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Homegrown terrorism imperils farms

Farmers, ranchers, researchers and any facility that uses animals for testing or works with bio-engineered plants are on notice to be vigilant about security — but not necessarily from Al Quaeda, Iraq or any other foreign-based terrorist organization.

Enough homegrown, made in the U.S.A, self-righteous organizations whose main missions appear to consist of doing away with anything not “natural,” provide ample cause for concern, according to two federal law enforcement agents on hand at a recent small grains seminar in Abilene, Texas.

Mark Huber, FBI, and Larry Enmon, FDA office of criminal investigation, said two organizations, the Animal Liberation Front and the Earth Liberation Front (ALF and ELF) engage in vandalism, theft, animal releases (which they refer to as “rescues”), arson, laboratory raids, and genetic crop destruction.

“We haven't seen a lot of activity in Texas yet,” said Huber. “California, Oregon, Minnesota and Michigan have been hot spots. We have seen some general activity, mostly protests, demonstrations and some animal releases in Texas.

“We've also seen some genetically engineered crop plots destroyed. Most activity in Texas has occurred in the southern part of the state.”

“We have no intelligence of that activity in north or central Texas,” Enmon says.

Enmon says the organizations rarely claim credit immediately for destructive activities, usually waiting until they're certain no person was injured. Huber says the loose-knit characteristic of the organizations makes infiltration difficult. Few members know details of operations.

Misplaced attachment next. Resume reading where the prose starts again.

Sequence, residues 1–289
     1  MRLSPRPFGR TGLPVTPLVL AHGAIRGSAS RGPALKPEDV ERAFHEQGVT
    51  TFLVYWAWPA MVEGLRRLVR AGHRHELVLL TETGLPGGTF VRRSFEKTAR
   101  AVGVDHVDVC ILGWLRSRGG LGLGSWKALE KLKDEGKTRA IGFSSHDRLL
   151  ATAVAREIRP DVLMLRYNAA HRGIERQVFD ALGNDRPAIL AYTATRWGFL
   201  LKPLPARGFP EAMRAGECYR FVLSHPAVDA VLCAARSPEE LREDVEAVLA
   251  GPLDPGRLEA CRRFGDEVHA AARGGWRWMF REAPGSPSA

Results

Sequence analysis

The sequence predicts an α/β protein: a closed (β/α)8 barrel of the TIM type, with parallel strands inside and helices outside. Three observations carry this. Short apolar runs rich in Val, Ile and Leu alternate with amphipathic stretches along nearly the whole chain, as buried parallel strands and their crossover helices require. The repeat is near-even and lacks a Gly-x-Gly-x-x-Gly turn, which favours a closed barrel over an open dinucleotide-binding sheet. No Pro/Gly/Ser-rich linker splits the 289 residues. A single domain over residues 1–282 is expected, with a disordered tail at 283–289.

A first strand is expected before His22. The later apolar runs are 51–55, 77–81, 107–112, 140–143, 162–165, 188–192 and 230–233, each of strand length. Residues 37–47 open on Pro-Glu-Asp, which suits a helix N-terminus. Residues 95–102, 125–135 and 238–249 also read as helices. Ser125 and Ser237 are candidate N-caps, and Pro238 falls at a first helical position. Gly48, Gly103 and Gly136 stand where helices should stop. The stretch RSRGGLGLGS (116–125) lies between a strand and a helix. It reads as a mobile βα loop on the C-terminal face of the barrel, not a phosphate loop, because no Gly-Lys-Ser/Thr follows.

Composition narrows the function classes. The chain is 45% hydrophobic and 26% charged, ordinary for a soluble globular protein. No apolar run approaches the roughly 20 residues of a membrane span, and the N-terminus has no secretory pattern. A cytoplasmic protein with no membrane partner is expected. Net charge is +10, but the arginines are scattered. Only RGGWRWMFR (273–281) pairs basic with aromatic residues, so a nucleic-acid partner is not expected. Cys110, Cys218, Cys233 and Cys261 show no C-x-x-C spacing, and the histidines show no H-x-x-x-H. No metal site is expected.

“They keep things pretty close to the vest,” he said, “so it's hard for law enforcement to know what's being planned. Often, ALF and ELF will combine efforts.”

Huber said the organizations began inauspiciously from 1979 through 1984.

“From 1984 through 1992, they concentrated on growth and developed a grassroots movement from 1992 through 1996. Since than, ALF and ELF have worked in cooperation in various criminal activities, including arson and laboratory raids.”

Within each organization, Huber said, are “extremist cells, consistent with any terrorist group. These cells keep information close.”

He said the trend is to begin with overt activities conducted in public and then move on to violent, covert actions.”

The difficulty law enforcement faces is the apparent lack of organization. “It's not a hierarchical body,” Enmon said. “Local groups have a certain amount of autonomy and can create serious economical hardships.”

Huber and Enmon agreed that underestimating the capabilities and commitment of the leadership of these “extremist organizations would be a mistake.”

“Don't write them off as nutcases,” Enmon said. “They may be, but they are well-organized fanatics.”

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